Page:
It is one of the smallest provincial capitals in Thailand and the first of four flyaway races on the MotoGP world tour. Situated parallel to well-known tourist territory, Buriram is one of the most primitive towns we have visited this year. The communities, the cuisine and the atmosphere is completely unfiltered. The Chang International circuit was awarded ‘The Best Grand Prix of 2018’ in its very first year and last weekend we witnessed the historical last stop in Marc Marquez’s World Championship campaign. But why Buriram? How did we end up in this tiny topical region with the best of the best on two wheels competing before our eyes?

Buriram (บุรีรัมย์) loosely translated to ‘the city of peace’, is home to 30,000 residents who live in a minimalistic environment. The people are some of the kindest and most inviting you will meet. However, that does not mean things are simple. The roads are chaotic with scooters diverging in and out of traffic and crossings are a free-for-all battle. Streets are scattered with food stalls concocting native noodle dishes, and strong aromas dance within your nostrils as you journey past live train lines and onto another street of pandemonium. You could peer into a building and see children laying on mats as the sun finishes its day shift or you could look the other way and see a fancy modern hotel waiting the arrival of the much needed tourists that fuel their existence. Much of the land is sprinkled with ancient ruins of the Khmer Empire, one of the most powerful states in South East Asia which ended in 1432 CE. This authority covered areas that we know now as Cambodia, Thailand, Laos and Southern Vietnam. It is a five-hour journey from the capital city of Bangkok and as of 2014 with the debut of the Japanese GT Series, locals believe this one of the best cities for sporting events. This element has become essential in driving the Thai economy with majority of it coming from local agriculture and tourism. MotoGP, World Superbikes, football and other series like the Porsche Carrera Cup Asia have become lifelines in a long journey to create a stronger, well established society.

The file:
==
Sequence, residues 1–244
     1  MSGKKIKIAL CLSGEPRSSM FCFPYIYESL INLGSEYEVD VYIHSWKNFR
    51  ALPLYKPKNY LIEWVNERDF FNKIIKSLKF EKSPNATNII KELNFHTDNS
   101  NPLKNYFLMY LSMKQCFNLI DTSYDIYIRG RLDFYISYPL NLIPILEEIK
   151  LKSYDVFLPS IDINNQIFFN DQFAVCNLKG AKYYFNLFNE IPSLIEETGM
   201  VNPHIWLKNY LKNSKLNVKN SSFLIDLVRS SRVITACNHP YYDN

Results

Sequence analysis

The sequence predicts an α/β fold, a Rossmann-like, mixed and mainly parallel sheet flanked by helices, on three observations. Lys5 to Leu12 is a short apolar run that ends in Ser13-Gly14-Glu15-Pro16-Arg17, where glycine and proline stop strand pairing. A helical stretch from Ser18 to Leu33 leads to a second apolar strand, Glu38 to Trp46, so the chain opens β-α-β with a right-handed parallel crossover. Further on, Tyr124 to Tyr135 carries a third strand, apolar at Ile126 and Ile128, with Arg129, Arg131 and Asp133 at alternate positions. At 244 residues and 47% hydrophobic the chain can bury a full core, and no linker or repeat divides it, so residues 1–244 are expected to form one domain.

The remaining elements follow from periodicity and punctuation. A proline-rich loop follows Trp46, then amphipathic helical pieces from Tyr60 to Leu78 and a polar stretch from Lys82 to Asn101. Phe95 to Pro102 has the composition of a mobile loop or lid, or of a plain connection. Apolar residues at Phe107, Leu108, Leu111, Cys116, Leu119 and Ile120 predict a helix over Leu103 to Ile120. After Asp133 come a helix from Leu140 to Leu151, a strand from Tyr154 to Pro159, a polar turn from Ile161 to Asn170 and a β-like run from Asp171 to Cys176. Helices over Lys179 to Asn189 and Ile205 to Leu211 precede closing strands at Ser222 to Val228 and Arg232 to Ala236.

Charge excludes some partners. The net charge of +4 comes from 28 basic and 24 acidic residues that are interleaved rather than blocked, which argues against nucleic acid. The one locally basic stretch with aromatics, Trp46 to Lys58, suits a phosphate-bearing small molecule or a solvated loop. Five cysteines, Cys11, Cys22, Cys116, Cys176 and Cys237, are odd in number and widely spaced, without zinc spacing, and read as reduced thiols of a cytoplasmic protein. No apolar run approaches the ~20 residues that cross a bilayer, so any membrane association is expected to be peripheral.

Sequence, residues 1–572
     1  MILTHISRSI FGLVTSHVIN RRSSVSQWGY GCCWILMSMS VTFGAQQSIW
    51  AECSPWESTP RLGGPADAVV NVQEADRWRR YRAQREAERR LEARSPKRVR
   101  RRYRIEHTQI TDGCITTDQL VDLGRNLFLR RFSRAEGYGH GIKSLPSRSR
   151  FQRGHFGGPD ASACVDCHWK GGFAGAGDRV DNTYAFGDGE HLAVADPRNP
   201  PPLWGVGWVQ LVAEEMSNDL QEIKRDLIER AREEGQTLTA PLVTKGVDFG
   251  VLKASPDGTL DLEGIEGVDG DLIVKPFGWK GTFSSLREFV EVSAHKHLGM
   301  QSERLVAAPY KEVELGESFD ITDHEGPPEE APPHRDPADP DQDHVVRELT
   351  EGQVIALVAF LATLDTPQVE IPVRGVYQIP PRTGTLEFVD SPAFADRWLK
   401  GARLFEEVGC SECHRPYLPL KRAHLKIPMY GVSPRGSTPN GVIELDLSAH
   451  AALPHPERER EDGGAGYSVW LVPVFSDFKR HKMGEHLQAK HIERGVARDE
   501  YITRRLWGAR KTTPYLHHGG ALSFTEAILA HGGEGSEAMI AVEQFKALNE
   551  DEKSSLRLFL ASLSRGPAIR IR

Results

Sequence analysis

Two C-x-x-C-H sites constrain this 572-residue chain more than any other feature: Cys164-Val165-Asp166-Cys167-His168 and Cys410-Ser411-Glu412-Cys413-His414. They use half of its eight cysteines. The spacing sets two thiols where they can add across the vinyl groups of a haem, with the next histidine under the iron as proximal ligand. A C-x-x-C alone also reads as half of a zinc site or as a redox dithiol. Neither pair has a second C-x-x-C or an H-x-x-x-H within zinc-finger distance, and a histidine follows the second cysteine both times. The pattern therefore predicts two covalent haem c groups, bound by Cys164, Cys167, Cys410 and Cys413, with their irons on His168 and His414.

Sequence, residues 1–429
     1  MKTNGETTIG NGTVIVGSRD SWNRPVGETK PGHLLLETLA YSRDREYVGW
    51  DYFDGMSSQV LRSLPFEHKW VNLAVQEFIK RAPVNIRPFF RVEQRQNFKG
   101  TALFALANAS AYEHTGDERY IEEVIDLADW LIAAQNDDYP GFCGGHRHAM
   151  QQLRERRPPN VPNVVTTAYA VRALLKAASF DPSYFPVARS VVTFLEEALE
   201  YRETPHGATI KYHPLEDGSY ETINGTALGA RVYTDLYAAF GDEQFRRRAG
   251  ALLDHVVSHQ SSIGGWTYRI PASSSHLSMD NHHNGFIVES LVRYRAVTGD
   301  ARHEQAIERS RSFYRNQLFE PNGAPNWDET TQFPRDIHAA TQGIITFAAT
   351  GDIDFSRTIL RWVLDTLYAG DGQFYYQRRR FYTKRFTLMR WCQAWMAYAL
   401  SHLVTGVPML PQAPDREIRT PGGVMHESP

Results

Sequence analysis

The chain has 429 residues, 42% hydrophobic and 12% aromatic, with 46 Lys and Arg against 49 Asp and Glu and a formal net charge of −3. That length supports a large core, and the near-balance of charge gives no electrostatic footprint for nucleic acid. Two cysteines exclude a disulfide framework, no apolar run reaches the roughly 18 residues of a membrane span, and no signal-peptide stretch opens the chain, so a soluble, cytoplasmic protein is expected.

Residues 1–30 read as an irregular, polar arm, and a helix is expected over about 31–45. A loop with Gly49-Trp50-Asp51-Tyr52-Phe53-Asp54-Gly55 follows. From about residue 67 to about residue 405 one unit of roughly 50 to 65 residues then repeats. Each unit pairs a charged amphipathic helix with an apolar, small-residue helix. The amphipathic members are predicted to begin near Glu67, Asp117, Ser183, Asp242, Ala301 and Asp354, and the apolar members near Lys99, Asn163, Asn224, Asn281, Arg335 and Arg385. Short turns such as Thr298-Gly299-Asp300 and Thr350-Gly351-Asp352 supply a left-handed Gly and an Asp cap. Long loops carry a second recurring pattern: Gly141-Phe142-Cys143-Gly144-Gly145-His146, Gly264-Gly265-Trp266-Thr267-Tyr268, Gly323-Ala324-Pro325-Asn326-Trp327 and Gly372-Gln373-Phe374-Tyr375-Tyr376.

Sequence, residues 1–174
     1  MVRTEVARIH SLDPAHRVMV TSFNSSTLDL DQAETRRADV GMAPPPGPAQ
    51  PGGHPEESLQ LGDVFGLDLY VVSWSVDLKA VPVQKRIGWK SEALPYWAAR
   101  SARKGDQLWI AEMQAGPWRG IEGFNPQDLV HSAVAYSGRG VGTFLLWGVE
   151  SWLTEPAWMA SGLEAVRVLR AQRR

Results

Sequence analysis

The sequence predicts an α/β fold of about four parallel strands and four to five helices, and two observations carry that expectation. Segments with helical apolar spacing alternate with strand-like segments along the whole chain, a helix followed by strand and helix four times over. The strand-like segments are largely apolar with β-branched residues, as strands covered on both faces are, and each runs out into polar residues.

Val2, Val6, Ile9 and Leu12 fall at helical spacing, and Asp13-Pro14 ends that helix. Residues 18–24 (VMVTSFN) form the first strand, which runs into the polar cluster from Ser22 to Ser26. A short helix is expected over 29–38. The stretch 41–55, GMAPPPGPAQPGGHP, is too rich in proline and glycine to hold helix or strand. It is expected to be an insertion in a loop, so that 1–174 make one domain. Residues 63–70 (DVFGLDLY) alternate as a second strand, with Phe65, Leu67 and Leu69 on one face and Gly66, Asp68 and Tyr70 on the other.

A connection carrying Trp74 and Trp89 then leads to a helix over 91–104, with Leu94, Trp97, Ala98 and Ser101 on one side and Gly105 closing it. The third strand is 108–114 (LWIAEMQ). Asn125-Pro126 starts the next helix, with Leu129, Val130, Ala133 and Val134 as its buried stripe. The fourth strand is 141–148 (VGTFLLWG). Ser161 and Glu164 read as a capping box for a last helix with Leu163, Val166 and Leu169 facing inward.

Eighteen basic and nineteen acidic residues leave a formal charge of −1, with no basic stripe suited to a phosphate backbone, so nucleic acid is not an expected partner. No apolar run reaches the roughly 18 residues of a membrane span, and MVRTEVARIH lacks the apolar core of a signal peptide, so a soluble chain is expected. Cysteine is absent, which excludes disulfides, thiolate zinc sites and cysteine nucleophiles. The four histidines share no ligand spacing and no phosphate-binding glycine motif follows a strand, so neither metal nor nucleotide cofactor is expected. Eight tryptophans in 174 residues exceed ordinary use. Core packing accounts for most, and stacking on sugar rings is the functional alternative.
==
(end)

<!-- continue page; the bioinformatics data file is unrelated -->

Wealthy politician, former cabinet minister and now owner of the circuit, Newin Chidchob, set out to build a city that centred on their rural heritage and embellish it with top class sporting events to attract tourism to the North East of Thailand. How else do you get hundreds of foreign people to venture five hours inland to an area you know so little about? But to achieve this Chidchob hired well known German engineer, racing driver and circuit designer Hermann Tilke to design a motorsport track that would reach FIA and FIM standards and ultimately allow as much race viewing as possible. The grandstands would cater to a total of 100,000 spectators each day and this year on Sunday, not a seat was vacant. This though, is only one part of the bigger picture. With large floodlight features installed up to FIA standards, a bid to potentially host the Formula One World Championship is on the cards as well as hopes for a nighttime race. If that wasn’t enough, alterations are constantly being made to cater to different crowds and this year gradient areas were integrated to help give better access to people with disabilities. The idea is to consistently raise the standard to support tourists and keep this quirky race on the calendar.

In its first season the track had the highest attendance across the nineteen rounds with a total of 222,535 spectators over the three days and on Sunday the 6th October 2019, it became a historic landmark for Marc Marquez’s eighth crown: two important facts that could help inspire further World Championship rounds in this part of the world. It is one of the smallest towns in Thailand and yet it has managed to stage such significant moments for MotoGP in only its first two years. Plus, it brings in the fans who just love the sport and motorcycling..

The Thai Grand Prix gave one of the most diverse cultural shocks of the year but also one of the most welcoming. You go to countries like Spain and Italy where bike culture is substantial, but then you come to a completely foreign place like Buriram where the way of life and the environment is completely different and realise just how similar we all are even when we come from different ends of the earth. Much like Europe, these people adore the riders, motorbikes and manufacturers. It is the first race in a long time where I have heard Valentino Rossi fans from his offical fan club stand, cheer for Marquez and show genuine support as he rode to his title celebration. Although the mosquitos are too plentiful to count and the streets some of the hardest to navigate, it feels like a very appropriate of the world to share this spectacular show with.

By Sienna Wedes @siennawedes

Photos by CormacGP @cormacgp

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